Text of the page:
Flyover Cancelled on Parade Day Due to Weather, But Rehearsal was Interesting and Impressive.
May 9, 2017
A structural silence cloaks Red Square today. Cold humidity hangs over expansive rows of military formations under the weight of history.
You can hear air moving between the ranks of silent soldiers frozen at attention. The tanks, the missile launchers, the artillery cannons sit motionless. The quiet hangs for 60 seconds. A muted, dignified tribute to the millions lost. Then the great Spasskaya Tower clock bell tolls brightly through the grey. It is the hour of victory, the greatest military victory in the history of all mankind. A crack in the Russian grey sky reveals a shard of sunlight. Seventy-two years have passed since the Russians defeated Germany in WWII, the Great Patriotic War.
It is Victory Day today in Moscow and across all of Russia, a country so vast it spans 11 time zones, nearly half the globe. This is the largest military display and celebration anywhere in the world by a massive margin. The Victory Day parade in Moscow accompanies large military parades in 26 other large Russian cities to observe the solemn holiday.
The red banner, raised over the Reichstag in Berlin on this day in 1945 by Sgt. Mikhail Yegorov and Jr. Sgt. Meliton Kantaria is marched down Manezhnaya Street in Moscow today. This very same Red Banner, frayed but still vibrant in defiance, flew over the ruins of Hitler’s headquarters when Germany was reduced to ruble in 1945.
The Great War was a cataclysm that claimed a staggering 20 million Russian civilians and soldiers, sailors, marines and airmen. Twenty million lives…
“This was a tremendous tragedy” says Russian President Vladimir Putin in his remarks from the reviewing stand. Dignitaries flank President Putin along with aging Russian Heroes of the Russian Federation, their faces long and their lapels sagging under an unlikely volume of medals. During the Siege of Stalingrad Russian soldiers like these men lured German invaders into the ruins of bombed-out buildings and dropped concrete blocks on them to kill them. They had long since run out of ammunition. And food. Disease, frostbite, hypothermia and starvation claimed more casualties on both sides than battle did.
Private Aleksey Vakav carries that Red Banner today, goose-stepping in precise marshal cadence between saber-wielding guards of the 154th Independent Commandants Regiment. A descendant of a soldier who fought in the Great War, Private Vakav is one of 10,000 soldiers, 100 vehicles and 72 aircraft in the parade today.
The weather over Moscow today cancelled the sweeping flyovers of wave after wave of new Russian combat aircraft, but yesterday’s rehearsal produced an impressive procession of Russian air power. Everything from heavy bombers to tankers to the latest fighter aircraft flew in formation over Red Square yesterday in rehearsal before the weather cancelled the flying portion of today’s parade.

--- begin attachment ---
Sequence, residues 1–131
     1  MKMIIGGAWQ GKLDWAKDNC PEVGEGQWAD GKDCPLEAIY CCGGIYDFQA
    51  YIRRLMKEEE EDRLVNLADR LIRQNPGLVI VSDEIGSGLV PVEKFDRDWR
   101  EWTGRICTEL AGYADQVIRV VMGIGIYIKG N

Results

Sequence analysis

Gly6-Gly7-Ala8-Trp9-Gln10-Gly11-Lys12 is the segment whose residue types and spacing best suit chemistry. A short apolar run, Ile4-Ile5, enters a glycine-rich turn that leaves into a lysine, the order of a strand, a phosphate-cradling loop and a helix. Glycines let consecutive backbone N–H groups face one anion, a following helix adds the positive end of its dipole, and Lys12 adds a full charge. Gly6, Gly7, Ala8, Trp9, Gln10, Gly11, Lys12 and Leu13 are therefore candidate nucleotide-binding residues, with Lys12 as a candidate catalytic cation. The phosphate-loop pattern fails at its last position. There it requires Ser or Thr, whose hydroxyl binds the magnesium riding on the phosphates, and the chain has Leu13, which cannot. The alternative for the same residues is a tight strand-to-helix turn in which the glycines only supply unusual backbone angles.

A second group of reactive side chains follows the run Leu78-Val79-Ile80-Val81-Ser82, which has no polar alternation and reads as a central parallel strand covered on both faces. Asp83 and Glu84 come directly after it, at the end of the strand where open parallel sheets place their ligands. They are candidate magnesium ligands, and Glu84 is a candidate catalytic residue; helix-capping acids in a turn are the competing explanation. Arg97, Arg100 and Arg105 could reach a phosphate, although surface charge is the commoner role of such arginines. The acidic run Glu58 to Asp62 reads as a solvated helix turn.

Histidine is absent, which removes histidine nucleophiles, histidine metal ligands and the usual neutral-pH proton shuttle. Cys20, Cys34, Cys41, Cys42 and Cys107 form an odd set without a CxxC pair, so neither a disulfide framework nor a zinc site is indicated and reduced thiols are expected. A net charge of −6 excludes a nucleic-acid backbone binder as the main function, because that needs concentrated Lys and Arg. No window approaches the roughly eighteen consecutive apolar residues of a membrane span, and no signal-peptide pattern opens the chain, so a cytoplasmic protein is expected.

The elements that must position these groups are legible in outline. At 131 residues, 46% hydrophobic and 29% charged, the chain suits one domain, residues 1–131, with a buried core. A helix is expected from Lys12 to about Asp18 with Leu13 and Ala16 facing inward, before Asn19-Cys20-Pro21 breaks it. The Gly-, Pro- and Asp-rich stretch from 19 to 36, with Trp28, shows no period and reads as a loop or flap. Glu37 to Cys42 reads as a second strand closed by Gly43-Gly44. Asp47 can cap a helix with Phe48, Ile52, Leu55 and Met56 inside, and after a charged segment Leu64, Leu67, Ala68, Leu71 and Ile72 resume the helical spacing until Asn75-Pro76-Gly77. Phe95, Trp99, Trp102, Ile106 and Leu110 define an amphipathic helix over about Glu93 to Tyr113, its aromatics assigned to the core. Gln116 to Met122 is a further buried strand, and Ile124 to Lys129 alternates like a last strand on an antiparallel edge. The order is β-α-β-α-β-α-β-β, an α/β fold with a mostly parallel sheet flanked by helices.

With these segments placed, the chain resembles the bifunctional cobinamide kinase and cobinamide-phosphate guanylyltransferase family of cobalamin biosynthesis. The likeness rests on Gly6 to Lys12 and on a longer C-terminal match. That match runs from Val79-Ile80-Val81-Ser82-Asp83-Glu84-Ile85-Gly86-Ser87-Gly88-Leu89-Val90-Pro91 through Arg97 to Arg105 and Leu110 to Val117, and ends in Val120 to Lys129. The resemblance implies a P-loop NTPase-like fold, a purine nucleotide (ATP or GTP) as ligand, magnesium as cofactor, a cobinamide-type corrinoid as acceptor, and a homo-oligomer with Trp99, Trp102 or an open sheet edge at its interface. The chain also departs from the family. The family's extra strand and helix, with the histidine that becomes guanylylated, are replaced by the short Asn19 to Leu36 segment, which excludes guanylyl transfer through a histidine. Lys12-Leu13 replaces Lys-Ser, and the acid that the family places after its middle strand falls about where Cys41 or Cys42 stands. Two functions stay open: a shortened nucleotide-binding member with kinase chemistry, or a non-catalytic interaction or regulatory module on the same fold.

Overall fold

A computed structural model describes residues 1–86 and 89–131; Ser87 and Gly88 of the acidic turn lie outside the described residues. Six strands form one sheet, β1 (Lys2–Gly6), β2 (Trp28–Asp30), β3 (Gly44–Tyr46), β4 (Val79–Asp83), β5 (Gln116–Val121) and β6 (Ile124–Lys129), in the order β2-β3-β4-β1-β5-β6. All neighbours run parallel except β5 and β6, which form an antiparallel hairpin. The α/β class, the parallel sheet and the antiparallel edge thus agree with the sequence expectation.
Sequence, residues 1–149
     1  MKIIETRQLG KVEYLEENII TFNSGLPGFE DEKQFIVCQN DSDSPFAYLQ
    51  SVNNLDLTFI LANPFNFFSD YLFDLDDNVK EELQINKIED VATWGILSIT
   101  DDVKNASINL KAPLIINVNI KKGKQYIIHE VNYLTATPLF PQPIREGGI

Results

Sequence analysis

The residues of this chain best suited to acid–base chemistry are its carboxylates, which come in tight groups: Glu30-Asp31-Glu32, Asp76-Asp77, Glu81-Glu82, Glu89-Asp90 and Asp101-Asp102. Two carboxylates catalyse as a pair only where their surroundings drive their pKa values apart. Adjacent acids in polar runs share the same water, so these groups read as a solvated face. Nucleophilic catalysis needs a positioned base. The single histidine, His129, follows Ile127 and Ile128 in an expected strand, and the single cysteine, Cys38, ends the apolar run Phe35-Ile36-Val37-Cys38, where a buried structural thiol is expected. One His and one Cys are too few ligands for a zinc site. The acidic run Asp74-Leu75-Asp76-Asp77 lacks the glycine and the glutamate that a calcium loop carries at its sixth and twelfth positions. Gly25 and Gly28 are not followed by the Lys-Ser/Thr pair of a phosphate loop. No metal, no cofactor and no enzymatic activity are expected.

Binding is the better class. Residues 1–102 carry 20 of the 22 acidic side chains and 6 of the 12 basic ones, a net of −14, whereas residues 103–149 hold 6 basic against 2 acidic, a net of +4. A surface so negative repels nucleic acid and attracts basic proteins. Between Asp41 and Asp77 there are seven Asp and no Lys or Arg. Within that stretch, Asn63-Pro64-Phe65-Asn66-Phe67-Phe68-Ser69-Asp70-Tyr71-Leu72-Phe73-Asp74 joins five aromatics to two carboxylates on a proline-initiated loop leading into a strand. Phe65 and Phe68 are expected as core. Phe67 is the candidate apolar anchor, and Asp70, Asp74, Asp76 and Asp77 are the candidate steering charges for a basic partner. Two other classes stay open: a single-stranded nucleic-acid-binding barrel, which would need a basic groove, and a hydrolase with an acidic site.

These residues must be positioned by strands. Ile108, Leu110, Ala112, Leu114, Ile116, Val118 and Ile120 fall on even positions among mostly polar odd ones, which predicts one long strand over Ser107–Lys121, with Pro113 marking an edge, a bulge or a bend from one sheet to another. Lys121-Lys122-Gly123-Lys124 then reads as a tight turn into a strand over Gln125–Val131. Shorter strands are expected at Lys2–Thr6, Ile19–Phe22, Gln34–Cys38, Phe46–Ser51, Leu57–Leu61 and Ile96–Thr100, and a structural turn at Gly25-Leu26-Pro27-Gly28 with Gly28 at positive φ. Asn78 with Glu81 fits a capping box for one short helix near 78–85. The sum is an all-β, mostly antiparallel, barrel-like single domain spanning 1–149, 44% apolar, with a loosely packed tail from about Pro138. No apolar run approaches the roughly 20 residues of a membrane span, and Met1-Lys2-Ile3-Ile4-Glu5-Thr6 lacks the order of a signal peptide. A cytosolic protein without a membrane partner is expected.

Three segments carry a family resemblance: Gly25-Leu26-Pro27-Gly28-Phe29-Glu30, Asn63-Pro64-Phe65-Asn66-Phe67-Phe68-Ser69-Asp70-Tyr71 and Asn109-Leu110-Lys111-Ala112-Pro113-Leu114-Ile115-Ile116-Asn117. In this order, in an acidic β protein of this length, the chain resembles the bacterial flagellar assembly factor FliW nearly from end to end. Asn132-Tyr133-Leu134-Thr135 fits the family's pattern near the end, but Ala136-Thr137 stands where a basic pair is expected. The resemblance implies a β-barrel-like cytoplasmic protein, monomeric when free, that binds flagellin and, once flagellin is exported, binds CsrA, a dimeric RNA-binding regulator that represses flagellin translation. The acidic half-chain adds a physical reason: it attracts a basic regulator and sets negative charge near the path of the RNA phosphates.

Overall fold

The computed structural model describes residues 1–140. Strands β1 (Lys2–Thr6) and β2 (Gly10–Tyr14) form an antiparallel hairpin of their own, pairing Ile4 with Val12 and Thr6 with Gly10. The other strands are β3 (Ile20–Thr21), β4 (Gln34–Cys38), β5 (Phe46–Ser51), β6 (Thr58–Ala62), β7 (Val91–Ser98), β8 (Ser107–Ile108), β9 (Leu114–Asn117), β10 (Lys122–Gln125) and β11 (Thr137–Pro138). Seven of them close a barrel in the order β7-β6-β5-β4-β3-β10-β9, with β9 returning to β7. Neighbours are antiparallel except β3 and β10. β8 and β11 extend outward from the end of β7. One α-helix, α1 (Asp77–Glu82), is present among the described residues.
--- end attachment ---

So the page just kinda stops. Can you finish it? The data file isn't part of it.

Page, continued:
Mr. Oleg Chernikov granted TheAviationist.com permission to share these outstanding photos taken by a number of his photographers around Moscow during the rehearsal day yesterday prior to Victory Day when the low overcast cancelled the flyovers.
One of the most conspicuous surprises on the rehearsal day flyovers was the new livery on the Russian Knights’ Sukhoi SU-30SMs. The aircraft featured a new solid blue vertical stabilizer with a Russian star insignia. The new livery is cleaner looking and photographs better in most sky conditions compared to the older, more complex tail graphics. The newly painted Russian Knights’ Su-30SMs flew in a beautiful formation with MiG-29 aircraft of the Russian Swifts aerobatic team. The MiG-29S of the Swifts also had some new tail markings for the 2017 demonstration season.
Heavy bombers overflew Red Square on rehearsal day also including an Il-78 tanker with a huge Tu-160 in trail simulating aerial refueling.
Four MiG-31 long range heavy interceptors overflew the parade venue on rehearsal day, an especially exotic sighting since the large relative to the MiG-25 “Foxbat” was never imported outside Russia or Kazakhstan.
While the cancellation of the flyovers was disappointing, the scale of the Victory Day parade never fails to impress. Perhaps the most refreshing thing about today’s version of the parade is that international media provided excellent real-time streaming coverage and tourists from around the world are free to visit Russia to see the parade in person, a worthy destination for any aviation enthusiast. The Victory Day parade in Moscow is an even greater showcase for the might of the Russian military but with the new openness since the Cold War era it is also a greater source of unity and historical reflection making the event even more valuable internationally.
Top image: A formation of heavy bombers including three Tu-22M “Backfire” bombers and a huge Tu-160 Blackjack (credit: Strizhi.ru).